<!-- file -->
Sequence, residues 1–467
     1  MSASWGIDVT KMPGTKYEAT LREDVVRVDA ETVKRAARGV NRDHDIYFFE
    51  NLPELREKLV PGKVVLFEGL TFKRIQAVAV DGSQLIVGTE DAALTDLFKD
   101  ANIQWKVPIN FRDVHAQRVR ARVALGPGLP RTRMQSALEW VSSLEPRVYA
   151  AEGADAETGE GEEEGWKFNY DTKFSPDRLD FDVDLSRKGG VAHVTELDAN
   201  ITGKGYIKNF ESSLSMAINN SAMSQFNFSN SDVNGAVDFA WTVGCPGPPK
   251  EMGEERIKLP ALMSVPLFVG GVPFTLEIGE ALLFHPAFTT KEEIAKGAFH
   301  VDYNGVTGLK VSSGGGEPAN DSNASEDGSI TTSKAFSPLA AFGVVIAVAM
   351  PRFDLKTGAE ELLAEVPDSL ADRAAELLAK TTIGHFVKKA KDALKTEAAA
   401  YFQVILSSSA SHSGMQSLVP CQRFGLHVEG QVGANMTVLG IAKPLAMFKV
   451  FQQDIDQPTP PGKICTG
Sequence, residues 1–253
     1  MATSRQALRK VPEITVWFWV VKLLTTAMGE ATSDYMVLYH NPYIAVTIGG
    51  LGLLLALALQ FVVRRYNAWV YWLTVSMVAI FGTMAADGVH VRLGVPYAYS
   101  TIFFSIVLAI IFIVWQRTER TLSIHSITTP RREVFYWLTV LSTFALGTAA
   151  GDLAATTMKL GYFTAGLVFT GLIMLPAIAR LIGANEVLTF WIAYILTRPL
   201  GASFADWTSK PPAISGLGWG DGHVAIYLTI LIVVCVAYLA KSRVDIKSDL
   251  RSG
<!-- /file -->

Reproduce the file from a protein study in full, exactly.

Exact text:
Sequence, residues 1–467
     1  MSASWGIDVT KMPGTKYEAT LREDVVRVDA ETVKRAARGV NRDHDIYFFE
    51  NLPELREKLV PGKVVLFEGL TFKRIQAVAV DGSQLIVGTE DAALTDLFKD
   101  ANIQWKVPIN FRDVHAQRVR ARVALGPGLP RTRMQSALEW VSSLEPRVYA
   151  AEGADAETGE GEEEGWKFNY DTKFSPDRLD FDVDLSRKGG VAHVTELDAN
   201  ITGKGYIKNF ESSLSMAINN SAMSQFNFSN SDVNGAVDFA WTVGCPGPPK
   251  EMGEERIKLP ALMSVPLFVG GVPFTLEIGE ALLFHPAFTT KEEIAKGAFH
   301  VDYNGVTGLK VSSGGGEPAN DSNASEDGSI TTSKAFSPLA AFGVVIAVAM
   351  PRFDLKTGAE ELLAEVPDSL ADRAAELLAK TTIGHFVKKA KDALKTEAAA
   401  YFQVILSSSA SHSGMQSLVP CQRFGLHVEG QVGANMTVLG IAKPLAMFKV
   451  FQQDIDQPTP PGKICTG
Sequence, residues 1–253
     1  MATSRQALRK VPEITVWFWV VKLLTTAMGE ATSDYMVLYH NPYIAVTIGG
    51  LGLLLALALQ FVVRRYNAWV YWLTVSMVAI FGTMAADGVH VRLGVPYAYS
   101  TIFFSIVLAI IFIVWQRTER TLSIHSITTP RREVFYWLTV LSTFALGTAA
   151  GDLAATTMKL GYFTAGLVFT GLIMLPAIAR LIGANEVLTF WIAYILTRPL
   201  GASFADWTSK PPAISGLGWG DGHVAIYLTI LIVVCVAYLA KSRVDIKSDL
   251  RSG